Thursday, March 4, 2010

Earthquake Escalation?

I continue to be impressed with The Christian Science Monitor's science reporting. I saw the headline above in my email newsletter, and clicked over, prepared to write an scathing take-down of more bad science journalism. Instead, right up front, the lede says this:
The 6.4-magnitude Taiwan earthquake that hit on Thursday – on the heels of quakes in Haiti and Chile – raised concern of an accelerating trend. But the statistics say otherwise.
The article doesn't downplay the destructiveness or importance of the recent quakes, it just places them in an appropriate context.
Kuo says the Taiwan, Chile, and Haiti quakes involved different tectonic plates. Globally, he says, there's an average of one magnitude 8 or higher earthquake per year, some 17 magnitude 7 or higher quakes, and 170 to 180 of magnitude 6 or larger.

So far this year there's only been one quake higher than 8 – Chile's fearsome, 8.8 magnitude temblor. Last year there were 16 magnitude 7 or higher quakes, right at the average. And so far this year there have been three magnitude 7 or higher quakes, including Haiti's.

"From a global view, that's not especially a lot," says Kuo.

Taiwan is frequently rocked by quakes, experiencing one of magnitude 7 or higher every five years and a quake of magnitude 6 or higher every 100 days. "We've only had one like this so far this year, so that's still normal," says Kuo.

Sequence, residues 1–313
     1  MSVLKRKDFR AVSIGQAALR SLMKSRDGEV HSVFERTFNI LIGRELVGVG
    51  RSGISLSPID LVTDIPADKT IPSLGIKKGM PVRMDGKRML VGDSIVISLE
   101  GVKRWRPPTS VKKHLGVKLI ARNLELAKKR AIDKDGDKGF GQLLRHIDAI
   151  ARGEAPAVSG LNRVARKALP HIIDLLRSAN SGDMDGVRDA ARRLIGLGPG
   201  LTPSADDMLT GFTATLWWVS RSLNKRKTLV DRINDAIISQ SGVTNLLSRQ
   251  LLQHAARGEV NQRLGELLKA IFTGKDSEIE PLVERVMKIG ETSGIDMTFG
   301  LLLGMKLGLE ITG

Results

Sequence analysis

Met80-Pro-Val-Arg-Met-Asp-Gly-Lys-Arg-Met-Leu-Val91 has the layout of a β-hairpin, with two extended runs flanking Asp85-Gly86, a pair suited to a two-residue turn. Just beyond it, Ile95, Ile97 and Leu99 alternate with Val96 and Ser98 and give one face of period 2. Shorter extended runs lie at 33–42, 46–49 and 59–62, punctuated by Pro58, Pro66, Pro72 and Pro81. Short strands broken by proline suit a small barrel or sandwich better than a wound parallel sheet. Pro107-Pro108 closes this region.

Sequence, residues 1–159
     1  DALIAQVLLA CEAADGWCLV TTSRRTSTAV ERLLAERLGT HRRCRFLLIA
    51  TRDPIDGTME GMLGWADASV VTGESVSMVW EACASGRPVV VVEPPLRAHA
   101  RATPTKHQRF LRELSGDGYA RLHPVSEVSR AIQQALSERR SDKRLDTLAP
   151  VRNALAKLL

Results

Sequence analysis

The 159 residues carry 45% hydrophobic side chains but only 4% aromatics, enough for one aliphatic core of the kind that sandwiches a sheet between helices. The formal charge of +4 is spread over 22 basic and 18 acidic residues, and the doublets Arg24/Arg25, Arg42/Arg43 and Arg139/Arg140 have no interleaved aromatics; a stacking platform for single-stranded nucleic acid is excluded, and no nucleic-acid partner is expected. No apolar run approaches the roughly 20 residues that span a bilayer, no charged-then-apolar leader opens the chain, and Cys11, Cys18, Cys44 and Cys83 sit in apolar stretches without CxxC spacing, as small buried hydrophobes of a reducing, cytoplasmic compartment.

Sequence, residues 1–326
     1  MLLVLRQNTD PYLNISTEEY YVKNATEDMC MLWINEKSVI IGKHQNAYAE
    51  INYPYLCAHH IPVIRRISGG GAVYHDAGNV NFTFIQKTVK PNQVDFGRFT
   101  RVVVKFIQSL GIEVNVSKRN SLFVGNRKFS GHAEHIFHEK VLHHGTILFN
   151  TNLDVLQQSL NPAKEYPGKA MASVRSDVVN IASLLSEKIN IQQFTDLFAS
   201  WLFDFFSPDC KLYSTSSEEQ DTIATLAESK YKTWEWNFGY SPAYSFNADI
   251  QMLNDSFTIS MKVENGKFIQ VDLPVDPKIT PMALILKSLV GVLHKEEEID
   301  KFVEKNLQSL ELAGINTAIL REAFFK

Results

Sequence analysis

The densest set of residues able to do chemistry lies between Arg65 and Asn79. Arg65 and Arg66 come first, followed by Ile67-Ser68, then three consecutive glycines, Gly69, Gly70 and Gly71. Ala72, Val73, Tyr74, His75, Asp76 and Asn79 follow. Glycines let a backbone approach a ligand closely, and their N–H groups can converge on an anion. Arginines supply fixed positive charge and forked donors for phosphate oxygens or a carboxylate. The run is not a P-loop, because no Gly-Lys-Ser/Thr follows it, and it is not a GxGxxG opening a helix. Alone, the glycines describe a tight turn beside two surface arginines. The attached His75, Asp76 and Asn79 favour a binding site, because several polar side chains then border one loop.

So not only was this the first I had heard of the quake in Taiwan (photo gallery), it's the first time (that I recall) seeing the statistic that there is a magnitude 6 quake every two days or so, on average.

Way to go, CSM! Ur doin it rite!


Darius Whiteplume said...

I don't read the CSM, but they seem to have a fair reputation for how little I pay attention.

Nice to see some one in that camp not swinging the fear stick.

Lockwood said...

As I've remarked before, for a "Christian" news source, I think the CSM does a remarkably good job of keeping its religion and its reporting separate from each other. They have a column in each edition called "A Christian Science Perspective," in which they discuss religion and spirituality. I don't read it very often- maybe a couple of times a year- but even there, the rhetoric is more often based on simple moral and ethical grounds rather than fire, brimstone, the bibble, and angry jayzus. I think it's one of the best US news sources in existence.